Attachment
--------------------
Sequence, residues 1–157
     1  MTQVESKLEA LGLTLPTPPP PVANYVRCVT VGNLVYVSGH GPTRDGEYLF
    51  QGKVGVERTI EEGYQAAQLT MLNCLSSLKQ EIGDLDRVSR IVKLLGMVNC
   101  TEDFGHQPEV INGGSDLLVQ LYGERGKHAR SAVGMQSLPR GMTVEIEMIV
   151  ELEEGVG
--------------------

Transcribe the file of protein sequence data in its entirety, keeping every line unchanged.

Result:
Sequence, residues 1–157
     1  MTQVESKLEA LGLTLPTPPP PVANYVRCVT VGNLVYVSGH GPTRDGEYLF
    51  QGKVGVERTI EEGYQAAQLT MLNCLSSLKQ EIGDLDRVSR IVKLLGMVNC
   101  TEDFGHQPEV INGGSDLLVQ LYGERGKHAR SAVGMQSLPR GMTVEIEMIV
   151  ELEEGVG